David Kirkpatrick

March 4, 2008

Seth Godin lectures the music industry

Filed under: Arts, Business, Technology — Tags: , , , , — David Kirkpatrick @ 1:48 am

Seth Godin did a presentation on the music industry for recording executives. Here’s a link to a transcript of that talk.

I’ve blogged about the recording industry, the RIAA and some solutions being bandied about, and I think Godin has some interesting things to add to the conversation.

From the transcript:

The next thing we talked about, this technology wasn’t as good as we hoped when we started. And it’s had a lot of side effects, the biggest one of course being it’s digital. And once you make it digital, all of a sudden the math changes. Because, it used to be if I gave you my record, I didn’t have my record anymore. And now, it’s if I give you my record, I still have my record. And that’s different. I’m not saying it’s better, I’m not saying it’s worse. I’m not saying it’s moral, or immoral, I’m just saying it’s different and we got to accept that. And, one of the side effects of that is that something has fundamentally shifted here. Now, I’m going to give you a little bit of a preview which is, I think the internet is the new radio. And I think we’re needing, in the record business, people in the record business are going to have to think about the fact that, that might be a really good thing, not a really bad thing. And, we’ll come back to that in a minute.

The next idea is this idea that American Top 40, Casey, I don’t even know if he is still alive but its doesn’t matter so much anymore. And the reason it doesn’t matter is because of something called the long tail. I don’t know if you’ve read this book, you should go out and read it right now, you can read it in 45 minutes. And what Chris Anderson [author of The Long Tail] pointed out is this, if I look at Netflix, what I see is that Netflix rentals, half of them are products Blockbuster doesn’t even carry. If I look at Amazon sales, half of Amazon sales are products that are unavailable in any Barnes & Noble store. If I look at the iTunes music store, half of iTunes sales are titles that you could not buy if you went into any record store. What happens when you give people an infinite number of choices in any genre, polka, doesn’t matter, they spread out. And two things occur. One, they go down the tail and start finding what’s just right for them, and two, sales go up. And so what this means is that the very structure of “how do we force as much attention as we can to the top 40” is actually the opposite of what leads to more consumption.

And then the last one, you’ve seen it before, is this idea of suing the very people you’re trying to talk to is unfortunate.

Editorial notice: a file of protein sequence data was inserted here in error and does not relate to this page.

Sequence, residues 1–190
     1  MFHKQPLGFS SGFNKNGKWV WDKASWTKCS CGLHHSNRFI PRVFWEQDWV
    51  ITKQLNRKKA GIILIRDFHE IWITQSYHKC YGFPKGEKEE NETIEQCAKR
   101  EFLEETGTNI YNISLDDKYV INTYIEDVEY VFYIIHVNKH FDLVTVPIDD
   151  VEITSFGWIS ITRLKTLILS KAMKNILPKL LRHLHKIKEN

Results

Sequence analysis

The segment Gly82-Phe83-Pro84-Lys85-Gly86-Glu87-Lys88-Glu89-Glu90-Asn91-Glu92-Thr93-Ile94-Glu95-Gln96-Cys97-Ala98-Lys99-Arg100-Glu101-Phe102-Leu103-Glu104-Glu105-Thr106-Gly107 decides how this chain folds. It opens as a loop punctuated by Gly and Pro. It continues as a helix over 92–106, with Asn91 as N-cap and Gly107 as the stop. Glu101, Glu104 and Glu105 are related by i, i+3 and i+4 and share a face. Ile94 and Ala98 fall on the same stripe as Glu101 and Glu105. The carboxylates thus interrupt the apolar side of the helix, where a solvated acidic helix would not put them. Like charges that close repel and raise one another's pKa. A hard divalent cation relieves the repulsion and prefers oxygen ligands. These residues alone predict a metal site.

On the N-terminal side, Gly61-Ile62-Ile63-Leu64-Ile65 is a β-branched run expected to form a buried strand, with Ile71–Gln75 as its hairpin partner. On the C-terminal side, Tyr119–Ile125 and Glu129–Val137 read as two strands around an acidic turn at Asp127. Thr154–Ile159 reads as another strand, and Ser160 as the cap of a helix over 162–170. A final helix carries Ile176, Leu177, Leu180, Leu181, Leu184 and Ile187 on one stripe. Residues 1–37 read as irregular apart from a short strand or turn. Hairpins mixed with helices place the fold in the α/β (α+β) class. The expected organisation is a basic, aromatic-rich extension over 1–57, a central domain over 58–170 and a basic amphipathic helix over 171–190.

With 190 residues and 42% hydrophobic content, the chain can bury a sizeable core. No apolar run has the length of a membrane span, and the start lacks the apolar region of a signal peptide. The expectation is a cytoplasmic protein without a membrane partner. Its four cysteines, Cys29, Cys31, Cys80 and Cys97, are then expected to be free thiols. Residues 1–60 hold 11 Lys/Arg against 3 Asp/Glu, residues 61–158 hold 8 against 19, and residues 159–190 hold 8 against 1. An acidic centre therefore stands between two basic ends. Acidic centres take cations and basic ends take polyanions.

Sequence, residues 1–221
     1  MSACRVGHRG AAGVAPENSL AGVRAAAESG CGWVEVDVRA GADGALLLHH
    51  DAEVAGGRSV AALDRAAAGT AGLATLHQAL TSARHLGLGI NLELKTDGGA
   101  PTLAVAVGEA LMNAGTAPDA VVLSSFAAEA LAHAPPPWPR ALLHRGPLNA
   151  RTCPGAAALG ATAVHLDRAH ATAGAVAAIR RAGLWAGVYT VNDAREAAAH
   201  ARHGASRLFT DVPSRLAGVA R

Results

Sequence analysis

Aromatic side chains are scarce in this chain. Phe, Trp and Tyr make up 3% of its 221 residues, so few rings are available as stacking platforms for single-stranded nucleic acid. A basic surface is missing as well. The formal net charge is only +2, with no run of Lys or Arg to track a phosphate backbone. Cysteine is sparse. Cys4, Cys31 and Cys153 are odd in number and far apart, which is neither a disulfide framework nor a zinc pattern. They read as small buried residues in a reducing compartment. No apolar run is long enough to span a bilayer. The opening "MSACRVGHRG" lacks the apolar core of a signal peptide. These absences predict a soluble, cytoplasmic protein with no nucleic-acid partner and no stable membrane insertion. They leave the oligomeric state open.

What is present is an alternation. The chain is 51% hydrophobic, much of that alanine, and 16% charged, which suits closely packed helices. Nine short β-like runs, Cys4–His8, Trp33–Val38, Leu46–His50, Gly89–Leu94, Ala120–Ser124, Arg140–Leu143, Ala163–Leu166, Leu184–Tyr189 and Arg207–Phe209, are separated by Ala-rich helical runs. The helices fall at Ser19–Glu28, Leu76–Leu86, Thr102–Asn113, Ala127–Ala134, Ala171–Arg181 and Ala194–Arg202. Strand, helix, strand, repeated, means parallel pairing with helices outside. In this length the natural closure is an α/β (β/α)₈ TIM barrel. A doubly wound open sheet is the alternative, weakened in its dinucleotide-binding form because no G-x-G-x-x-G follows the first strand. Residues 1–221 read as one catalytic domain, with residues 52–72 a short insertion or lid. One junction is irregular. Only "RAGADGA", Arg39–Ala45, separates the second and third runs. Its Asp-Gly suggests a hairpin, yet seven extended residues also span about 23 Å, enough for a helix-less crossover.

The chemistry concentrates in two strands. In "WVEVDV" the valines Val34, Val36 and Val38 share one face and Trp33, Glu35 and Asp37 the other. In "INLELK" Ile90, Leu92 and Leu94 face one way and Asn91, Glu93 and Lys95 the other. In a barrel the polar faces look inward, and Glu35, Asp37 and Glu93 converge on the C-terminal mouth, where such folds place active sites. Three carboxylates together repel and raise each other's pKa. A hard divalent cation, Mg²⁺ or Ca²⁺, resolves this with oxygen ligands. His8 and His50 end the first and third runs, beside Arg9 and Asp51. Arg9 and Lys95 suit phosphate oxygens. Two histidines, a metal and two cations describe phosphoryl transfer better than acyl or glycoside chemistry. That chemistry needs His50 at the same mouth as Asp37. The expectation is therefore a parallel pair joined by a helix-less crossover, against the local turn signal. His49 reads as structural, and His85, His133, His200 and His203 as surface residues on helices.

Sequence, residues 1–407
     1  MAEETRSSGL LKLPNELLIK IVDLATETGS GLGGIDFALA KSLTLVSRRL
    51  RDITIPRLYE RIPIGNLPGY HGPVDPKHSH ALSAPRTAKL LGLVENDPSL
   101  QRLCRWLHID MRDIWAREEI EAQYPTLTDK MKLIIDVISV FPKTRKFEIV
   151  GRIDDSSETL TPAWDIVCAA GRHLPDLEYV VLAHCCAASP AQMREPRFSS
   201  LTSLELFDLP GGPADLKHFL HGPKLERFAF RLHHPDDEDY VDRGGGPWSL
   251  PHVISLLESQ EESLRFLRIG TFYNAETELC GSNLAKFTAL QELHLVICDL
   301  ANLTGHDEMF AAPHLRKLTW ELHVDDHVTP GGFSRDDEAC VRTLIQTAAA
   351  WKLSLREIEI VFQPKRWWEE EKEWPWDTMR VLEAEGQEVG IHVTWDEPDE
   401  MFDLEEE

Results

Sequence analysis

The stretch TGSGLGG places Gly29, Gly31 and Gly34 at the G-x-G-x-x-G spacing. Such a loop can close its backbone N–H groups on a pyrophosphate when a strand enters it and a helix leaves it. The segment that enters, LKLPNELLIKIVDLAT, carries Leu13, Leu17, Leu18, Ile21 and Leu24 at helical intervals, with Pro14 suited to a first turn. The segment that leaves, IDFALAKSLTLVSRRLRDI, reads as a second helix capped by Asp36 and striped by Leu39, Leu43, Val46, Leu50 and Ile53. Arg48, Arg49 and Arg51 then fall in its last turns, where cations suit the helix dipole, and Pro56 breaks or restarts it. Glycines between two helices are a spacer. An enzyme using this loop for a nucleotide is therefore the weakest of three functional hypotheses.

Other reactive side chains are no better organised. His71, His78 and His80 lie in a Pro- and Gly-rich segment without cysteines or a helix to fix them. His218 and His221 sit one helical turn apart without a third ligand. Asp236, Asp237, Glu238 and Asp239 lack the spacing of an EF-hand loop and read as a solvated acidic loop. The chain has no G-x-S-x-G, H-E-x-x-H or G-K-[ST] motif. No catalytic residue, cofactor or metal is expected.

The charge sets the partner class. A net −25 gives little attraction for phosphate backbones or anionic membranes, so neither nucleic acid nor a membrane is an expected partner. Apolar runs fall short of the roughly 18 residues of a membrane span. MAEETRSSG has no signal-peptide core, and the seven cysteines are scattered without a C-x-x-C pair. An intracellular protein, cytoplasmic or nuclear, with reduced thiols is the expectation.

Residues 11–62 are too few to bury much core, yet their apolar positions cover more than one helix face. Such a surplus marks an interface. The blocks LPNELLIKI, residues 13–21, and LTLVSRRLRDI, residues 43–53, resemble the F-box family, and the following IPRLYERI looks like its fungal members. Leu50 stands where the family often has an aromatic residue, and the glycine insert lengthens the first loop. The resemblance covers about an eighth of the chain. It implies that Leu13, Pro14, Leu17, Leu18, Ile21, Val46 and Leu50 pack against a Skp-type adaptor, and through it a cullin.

(Hat tip: Boing Boing)

March 1, 2008

The RIAA is really looking out for the artist

Filed under: Arts, Business, et.al. — Tags: , , , , , — David Kirkpatrick @ 12:53 pm

The RIAA and recording companies are certainly doing a bang-up job of protecting the artists creating every work named in every lawsuit.

Oh, you mean they’re only protecting their money, not the artist?

From Hit & Run:

Surprise! Actual musicians have gotten diddly from the $370 million copyright infringement settlement between record companies and Napster et al.

Artist managers are girding for battle with their music overlords over when their clients are going to see some of the dough negotiated last year in copyright-infringement settlements with a host of Web sites….

“Artist managers and lawyers have been wondering for months when their artists will see money from the copyright settlements and how it will be accounted for,” said lawyer John Branca, who has represented Korn, Don Henley, and The Rolling Stones, among others. “Some of them are even talking about filing lawsuits if they don’t get paid soon.”

Way to encourage and reward innovation, intellectual property law!

February 12, 2008

Downloads and the music industry

Filed under: Arts, Business, Technology — Tags: , , — David Kirkpatrick @ 5:20 pm

This is an interesting release about music downloading.

From the link:

A fascinating new paper from the Journal of Consumer Research investigates the seven-year war on music downloading that unfolded among corporate music executives and music downloaders. Markus Giesler (York University) uses a performance-ethnography approach, studying the music marketplace as a cultural stage on which consumers and producers interact as dramatic players to reach their conflicting goals.

As a record producer during Napster’s emergence in the late ‘90s, Giesler had first hand experience dealing with several issues: How does market evolution change price-value relationships for music” Will this fundamentally new way of music consumption herald the end of the music market” Was there a common pattern of historical transformation at work that, once revealed, could be used to better understand other instances of market evolution”

To answer these questions, he sought to identify both the fundamental cultural tensions that drive the performances of downloaders and producers on the market stage, and the dramatic plot structure that integrates the war on music downloading into a historical narrative of market evolution.

“These findings yield some novel theoretical insights for the study of market system dynamics,” Giesler says. “This study has argued for more attention to the idea that markets are staged compromises between sharing and owning.”